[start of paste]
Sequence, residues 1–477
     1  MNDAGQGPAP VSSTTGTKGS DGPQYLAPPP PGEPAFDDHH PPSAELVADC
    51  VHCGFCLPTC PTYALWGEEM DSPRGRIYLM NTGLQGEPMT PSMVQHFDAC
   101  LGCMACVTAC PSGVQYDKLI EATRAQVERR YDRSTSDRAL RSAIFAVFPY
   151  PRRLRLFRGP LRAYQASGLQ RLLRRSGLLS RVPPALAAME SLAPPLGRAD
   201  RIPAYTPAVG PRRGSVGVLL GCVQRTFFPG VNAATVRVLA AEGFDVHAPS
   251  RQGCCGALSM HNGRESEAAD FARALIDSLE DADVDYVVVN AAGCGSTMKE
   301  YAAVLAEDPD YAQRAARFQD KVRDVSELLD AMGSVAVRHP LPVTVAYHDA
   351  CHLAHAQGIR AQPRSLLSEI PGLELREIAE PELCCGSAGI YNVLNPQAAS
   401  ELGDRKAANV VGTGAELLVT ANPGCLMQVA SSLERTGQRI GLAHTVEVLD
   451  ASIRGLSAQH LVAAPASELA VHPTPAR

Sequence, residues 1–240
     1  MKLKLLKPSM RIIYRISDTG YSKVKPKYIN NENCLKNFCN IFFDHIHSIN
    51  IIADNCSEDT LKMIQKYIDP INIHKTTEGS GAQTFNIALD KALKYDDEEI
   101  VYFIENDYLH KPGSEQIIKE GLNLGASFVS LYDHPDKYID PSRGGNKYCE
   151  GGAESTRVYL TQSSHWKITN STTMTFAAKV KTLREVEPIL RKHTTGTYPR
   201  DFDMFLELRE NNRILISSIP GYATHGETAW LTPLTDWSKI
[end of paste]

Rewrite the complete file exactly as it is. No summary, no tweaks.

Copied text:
Sequence, residues 1–477
     1  MNDAGQGPAP VSSTTGTKGS DGPQYLAPPP PGEPAFDDHH PPSAELVADC
    51  VHCGFCLPTC PTYALWGEEM DSPRGRIYLM NTGLQGEPMT PSMVQHFDAC
   101  LGCMACVTAC PSGVQYDKLI EATRAQVERR YDRSTSDRAL RSAIFAVFPY
   151  PRRLRLFRGP LRAYQASGLQ RLLRRSGLLS RVPPALAAME SLAPPLGRAD
   201  RIPAYTPAVG PRRGSVGVLL GCVQRTFFPG VNAATVRVLA AEGFDVHAPS
   251  RQGCCGALSM HNGRESEAAD FARALIDSLE DADVDYVVVN AAGCGSTMKE
   301  YAAVLAEDPD YAQRAARFQD KVRDVSELLD AMGSVAVRHP LPVTVAYHDA
   351  CHLAHAQGIR AQPRSLLSEI PGLELREIAE PELCCGSAGI YNVLNPQAAS
   401  ELGDRKAANV VGTGAELLVT ANPGCLMQVA SSLERTGQRI GLAHTVEVLD
   451  ASIRGLSAQH LVAAPASELA VHPTPAR

Sequence, residues 1–240
     1  MKLKLLKPSM RIIYRISDTG YSKVKPKYIN NENCLKNFCN IFFDHIHSIN
    51  IIADNCSEDT LKMIQKYIDP INIHKTTEGS GAQTFNIALD KALKYDDEEI
   101  VYFIENDYLH KPGSEQIIKE GLNLGASFVS LYDHPDKYID PSRGGNKYCE
   151  GGAESTRVYL TQSSHWKITN STTMTFAAKV KTLREVEPIL RKHTTGTYPR
   201  DFDMFLELRE NNRILISSIP GYATHGETAW LTPLTDWSKI